In 1831, and during a couple of years following, a great many pensioners took up land in the township, and moved in. Among these were the Ashmans, Bradys, Birminghams, Driscolls, Dunns, Keefes, Lyons, Makins, Malones, McCullas, McDonoughs, McGuires, McIntyres, Pettys, Rileys, Thornburys, Thorntons, and Uncles, and further north the Campbells, McKenzies, McCredies, McCreas, Merrys, and Munros. Old Alex Munro was about the first to settle where is now Kirkfield. Through this part of the township ran the portage trail from Balsam Lake to the Talbot River, still called the Portage Road. Settlement was induced by a project to build a canal, and on each side of the Portage Road lots were laid out 44 rods wide and about a mile and a quarter deep. Not long after the advent of the pensioners, a number of families from Islay, Scotland, who had settled in North Carolina, not liking that place, moved in a body to Canada and settled in Thorah and Eldon. Among those locating in Eldon were the McLaughlins and Angus Rae, who subsequently became the first Township Clerk.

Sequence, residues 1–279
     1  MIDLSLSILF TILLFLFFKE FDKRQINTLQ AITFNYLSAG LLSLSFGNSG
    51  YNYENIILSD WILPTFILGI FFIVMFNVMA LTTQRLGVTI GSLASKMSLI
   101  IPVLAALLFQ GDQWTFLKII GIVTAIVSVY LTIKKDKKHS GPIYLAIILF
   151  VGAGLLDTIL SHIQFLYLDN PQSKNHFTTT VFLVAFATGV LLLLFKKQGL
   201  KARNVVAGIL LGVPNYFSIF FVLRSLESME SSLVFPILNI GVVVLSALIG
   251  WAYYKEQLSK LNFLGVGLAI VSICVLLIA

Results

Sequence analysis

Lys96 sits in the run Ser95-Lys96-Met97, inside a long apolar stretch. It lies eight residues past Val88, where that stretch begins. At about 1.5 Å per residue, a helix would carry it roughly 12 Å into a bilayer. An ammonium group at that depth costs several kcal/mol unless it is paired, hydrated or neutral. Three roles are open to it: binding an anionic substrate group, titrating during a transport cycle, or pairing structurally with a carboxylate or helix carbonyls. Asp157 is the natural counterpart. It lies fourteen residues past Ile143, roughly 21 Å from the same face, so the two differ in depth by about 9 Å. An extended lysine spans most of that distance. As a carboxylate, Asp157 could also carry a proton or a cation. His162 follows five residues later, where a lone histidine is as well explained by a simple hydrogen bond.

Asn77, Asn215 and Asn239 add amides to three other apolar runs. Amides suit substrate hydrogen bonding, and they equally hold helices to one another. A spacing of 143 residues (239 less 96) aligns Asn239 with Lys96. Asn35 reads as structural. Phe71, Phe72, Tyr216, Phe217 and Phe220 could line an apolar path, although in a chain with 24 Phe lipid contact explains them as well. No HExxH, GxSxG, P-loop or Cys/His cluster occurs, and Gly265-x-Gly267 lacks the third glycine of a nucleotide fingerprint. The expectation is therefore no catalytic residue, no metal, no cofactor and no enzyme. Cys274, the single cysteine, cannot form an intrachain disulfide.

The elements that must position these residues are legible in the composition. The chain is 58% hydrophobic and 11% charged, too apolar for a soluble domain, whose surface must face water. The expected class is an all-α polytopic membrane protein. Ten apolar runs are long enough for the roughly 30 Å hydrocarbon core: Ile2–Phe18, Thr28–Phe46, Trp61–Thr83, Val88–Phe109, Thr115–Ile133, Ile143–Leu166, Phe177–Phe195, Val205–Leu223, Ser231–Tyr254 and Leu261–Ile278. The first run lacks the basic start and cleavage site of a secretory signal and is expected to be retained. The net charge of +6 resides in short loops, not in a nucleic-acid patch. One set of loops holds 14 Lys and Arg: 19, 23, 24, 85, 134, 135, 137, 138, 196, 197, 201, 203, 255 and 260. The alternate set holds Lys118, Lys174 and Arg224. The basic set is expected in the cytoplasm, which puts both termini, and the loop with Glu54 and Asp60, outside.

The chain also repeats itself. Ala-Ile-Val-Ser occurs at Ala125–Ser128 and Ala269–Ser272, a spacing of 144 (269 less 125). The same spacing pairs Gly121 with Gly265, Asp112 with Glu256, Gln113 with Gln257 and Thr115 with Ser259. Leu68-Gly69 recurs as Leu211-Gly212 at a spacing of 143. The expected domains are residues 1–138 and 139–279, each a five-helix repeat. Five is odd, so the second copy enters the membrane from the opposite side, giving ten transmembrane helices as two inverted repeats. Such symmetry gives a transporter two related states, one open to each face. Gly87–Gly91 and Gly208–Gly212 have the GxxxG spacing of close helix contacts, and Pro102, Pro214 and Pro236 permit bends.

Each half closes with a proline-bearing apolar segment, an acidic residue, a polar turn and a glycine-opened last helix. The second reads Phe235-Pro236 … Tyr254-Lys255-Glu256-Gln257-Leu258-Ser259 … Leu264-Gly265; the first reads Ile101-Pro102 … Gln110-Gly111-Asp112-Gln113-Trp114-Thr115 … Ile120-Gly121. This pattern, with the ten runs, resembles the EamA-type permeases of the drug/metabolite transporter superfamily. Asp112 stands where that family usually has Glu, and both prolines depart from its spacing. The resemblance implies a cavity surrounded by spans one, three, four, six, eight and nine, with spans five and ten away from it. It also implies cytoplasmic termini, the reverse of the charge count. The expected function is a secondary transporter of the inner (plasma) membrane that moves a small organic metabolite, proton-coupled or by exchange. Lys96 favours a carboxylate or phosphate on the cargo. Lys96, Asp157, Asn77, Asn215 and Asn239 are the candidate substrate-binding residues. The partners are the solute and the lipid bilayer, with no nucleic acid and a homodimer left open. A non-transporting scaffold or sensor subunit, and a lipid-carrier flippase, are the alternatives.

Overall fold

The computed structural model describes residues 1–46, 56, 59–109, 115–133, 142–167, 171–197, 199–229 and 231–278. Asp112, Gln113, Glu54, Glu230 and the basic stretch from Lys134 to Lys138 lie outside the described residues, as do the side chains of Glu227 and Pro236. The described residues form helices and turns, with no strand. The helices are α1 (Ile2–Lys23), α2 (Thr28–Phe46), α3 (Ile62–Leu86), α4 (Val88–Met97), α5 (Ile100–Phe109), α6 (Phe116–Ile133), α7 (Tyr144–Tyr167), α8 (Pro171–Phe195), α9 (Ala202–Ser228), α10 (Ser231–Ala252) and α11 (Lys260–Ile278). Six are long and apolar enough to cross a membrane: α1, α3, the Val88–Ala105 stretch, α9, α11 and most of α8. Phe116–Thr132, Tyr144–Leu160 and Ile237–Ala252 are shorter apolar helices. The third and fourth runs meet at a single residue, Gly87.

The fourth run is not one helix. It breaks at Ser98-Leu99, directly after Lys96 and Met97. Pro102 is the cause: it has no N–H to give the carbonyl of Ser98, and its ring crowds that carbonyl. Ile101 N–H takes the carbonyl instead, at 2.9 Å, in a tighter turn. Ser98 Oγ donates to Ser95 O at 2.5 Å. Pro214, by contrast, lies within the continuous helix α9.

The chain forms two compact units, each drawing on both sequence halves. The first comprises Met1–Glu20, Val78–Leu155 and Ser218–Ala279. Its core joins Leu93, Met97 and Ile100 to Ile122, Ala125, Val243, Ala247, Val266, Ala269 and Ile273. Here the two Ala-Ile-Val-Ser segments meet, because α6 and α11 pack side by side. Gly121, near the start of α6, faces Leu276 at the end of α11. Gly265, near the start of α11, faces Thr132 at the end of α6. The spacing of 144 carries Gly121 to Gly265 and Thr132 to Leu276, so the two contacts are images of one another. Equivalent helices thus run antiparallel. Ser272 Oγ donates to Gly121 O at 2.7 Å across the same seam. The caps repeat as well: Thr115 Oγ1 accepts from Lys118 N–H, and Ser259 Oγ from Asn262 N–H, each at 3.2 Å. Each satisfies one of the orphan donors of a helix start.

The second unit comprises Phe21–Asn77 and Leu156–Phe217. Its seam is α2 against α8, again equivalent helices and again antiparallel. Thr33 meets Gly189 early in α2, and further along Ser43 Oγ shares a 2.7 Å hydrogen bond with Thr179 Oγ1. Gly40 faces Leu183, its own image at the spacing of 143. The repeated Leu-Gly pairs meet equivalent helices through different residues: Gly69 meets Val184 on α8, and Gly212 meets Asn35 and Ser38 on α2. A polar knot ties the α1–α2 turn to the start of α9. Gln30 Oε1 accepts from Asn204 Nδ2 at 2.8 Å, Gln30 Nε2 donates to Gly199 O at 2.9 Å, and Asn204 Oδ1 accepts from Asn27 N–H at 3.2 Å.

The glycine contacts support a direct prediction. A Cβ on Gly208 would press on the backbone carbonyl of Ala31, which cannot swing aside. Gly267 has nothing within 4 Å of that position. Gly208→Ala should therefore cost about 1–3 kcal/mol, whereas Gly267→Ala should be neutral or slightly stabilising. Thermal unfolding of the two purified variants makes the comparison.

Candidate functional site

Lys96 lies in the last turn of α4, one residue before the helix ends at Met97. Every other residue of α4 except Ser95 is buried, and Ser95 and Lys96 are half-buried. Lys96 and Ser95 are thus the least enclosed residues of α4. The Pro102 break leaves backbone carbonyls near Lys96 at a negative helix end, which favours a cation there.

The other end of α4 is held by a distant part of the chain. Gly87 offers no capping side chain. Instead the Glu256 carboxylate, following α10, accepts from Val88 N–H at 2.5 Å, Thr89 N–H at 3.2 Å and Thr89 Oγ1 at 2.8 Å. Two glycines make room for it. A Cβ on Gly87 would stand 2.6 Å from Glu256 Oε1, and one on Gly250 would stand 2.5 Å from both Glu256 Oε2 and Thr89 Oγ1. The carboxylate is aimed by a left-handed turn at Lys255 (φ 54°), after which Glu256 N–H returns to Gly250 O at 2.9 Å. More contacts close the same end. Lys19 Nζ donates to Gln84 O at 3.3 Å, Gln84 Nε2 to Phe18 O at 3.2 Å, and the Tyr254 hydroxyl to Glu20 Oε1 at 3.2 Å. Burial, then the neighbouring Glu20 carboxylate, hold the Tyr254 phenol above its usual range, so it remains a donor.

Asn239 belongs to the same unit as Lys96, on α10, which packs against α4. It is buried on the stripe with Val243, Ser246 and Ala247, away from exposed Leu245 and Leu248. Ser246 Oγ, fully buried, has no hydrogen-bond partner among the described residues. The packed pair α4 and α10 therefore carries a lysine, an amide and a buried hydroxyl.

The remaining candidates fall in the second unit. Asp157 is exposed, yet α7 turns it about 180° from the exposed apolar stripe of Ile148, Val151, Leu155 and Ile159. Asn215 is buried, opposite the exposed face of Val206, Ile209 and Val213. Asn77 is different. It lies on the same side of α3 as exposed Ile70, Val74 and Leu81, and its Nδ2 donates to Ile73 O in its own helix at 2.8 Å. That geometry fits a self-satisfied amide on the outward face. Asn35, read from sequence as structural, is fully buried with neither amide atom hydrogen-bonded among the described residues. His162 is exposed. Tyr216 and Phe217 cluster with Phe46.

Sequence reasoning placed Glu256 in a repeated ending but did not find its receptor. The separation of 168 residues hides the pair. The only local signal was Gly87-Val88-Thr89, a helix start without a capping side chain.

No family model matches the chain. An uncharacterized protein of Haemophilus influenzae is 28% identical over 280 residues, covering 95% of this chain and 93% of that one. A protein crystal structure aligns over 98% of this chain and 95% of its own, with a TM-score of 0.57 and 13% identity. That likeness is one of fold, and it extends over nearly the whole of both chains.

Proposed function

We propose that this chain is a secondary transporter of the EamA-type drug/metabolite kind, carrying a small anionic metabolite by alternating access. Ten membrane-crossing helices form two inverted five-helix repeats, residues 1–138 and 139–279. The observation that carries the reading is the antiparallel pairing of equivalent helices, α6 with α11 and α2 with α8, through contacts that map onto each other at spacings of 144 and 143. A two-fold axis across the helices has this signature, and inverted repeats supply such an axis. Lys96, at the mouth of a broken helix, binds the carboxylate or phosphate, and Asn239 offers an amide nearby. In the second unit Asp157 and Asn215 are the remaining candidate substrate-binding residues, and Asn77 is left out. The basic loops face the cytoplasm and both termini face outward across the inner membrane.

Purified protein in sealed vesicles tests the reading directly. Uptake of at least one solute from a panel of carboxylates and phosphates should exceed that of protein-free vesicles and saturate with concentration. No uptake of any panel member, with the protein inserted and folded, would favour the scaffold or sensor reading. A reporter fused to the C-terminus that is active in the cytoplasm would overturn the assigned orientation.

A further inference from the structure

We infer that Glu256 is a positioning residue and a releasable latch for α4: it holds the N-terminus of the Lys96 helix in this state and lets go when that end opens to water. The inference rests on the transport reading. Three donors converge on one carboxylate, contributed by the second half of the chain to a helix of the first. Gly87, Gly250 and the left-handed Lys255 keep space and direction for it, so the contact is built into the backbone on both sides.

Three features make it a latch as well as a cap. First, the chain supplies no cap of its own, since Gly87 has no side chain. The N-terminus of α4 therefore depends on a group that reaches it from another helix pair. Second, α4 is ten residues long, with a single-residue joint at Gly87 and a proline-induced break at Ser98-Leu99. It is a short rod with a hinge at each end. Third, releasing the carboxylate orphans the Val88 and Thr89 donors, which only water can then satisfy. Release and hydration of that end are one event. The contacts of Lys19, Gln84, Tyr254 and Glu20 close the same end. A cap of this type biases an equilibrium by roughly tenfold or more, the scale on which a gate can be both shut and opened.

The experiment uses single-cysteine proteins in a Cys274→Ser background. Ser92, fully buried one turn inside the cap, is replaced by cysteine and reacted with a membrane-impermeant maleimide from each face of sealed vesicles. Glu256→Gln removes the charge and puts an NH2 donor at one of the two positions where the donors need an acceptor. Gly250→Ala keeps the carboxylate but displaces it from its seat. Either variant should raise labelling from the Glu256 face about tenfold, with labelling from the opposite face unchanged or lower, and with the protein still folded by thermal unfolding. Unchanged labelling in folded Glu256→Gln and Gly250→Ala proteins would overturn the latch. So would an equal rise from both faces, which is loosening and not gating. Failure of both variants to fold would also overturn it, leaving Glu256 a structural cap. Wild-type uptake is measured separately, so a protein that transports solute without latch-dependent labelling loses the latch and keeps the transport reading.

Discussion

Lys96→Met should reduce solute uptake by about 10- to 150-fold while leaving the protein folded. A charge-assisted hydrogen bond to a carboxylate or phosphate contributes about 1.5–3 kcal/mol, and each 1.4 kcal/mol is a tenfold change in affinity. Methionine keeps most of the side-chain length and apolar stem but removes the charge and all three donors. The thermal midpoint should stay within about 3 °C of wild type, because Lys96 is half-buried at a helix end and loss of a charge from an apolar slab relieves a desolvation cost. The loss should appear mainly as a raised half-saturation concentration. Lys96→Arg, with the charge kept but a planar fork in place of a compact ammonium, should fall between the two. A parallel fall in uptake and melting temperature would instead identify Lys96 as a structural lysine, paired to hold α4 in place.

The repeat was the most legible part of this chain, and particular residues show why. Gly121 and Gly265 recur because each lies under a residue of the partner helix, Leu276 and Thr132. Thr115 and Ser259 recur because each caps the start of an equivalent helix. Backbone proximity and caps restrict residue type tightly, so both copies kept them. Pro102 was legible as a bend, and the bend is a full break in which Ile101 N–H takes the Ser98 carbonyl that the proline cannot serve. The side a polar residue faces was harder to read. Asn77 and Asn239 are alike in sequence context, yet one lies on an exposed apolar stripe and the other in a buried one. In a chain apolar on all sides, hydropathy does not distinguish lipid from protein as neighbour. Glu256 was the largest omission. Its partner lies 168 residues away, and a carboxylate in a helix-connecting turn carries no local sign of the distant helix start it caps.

The first white child born in Eldon was Henry Ewing, who later moved to Grafton, Ontario. In the early days, though Eldon and Mariposa were united as a magisterial and militia division, they held separate township meetings. These were held once a year for the appointment of local officers, &c. They were called by H. Ewing, a magistrate, who also received the taxes, and after deducting the collector's fees out of it, sent the balance to Cobourg, the chief town of Newcastle District. The first tax levied was collected by John McAlpine, for his father, who had been appointed to the work. It amounted to $30; there were two assessors, Colin Campbell and Duncan Gunn. Neil McFarlane, District Councillor, first laid out school sections. Among the first teachers were Angus Ray, in a house on the Thorah side of the town line; Lachlan Campbell, on the third line; and one Grogan, on the Sixth Concession. At first the settlers held religious meetings in their houses on Sundays. The first to begin these conventicles was Archibald Sinclair; and a man named Gunn, from Thorah, took an active part in the meetings for some years. Then independent missionary preachers began to hold services, one being a Mr.McPhail from Brock. The first regular gospel minister was Mr.McMurchy, of the Established Kirk of Scotland, who held services in houses and barns, till a church was built on a lot of 200 acres, given by Squire Cameron to the Kirk. Mr. McMurchy married soon after his arrival, and a manse was also built. He preached in Eldon for about twenty years, till his death. The church, near Lorneville, is still called McMurchy's church, and it and the lot on which it stood, were part of the dispute between the Canada Presbyterian Church, and those who clung to the Kirk, and claimed the Temporalities. The first post-office, kept by Duncan Cameron, and called Eldon, was about a mile east of Woodville, then known as Irish's Corners. The first store at the " Corners " was started by John Campbell, and the first blacksmith was Alex Stewart, whose shop was on the Mariposa side of the town line.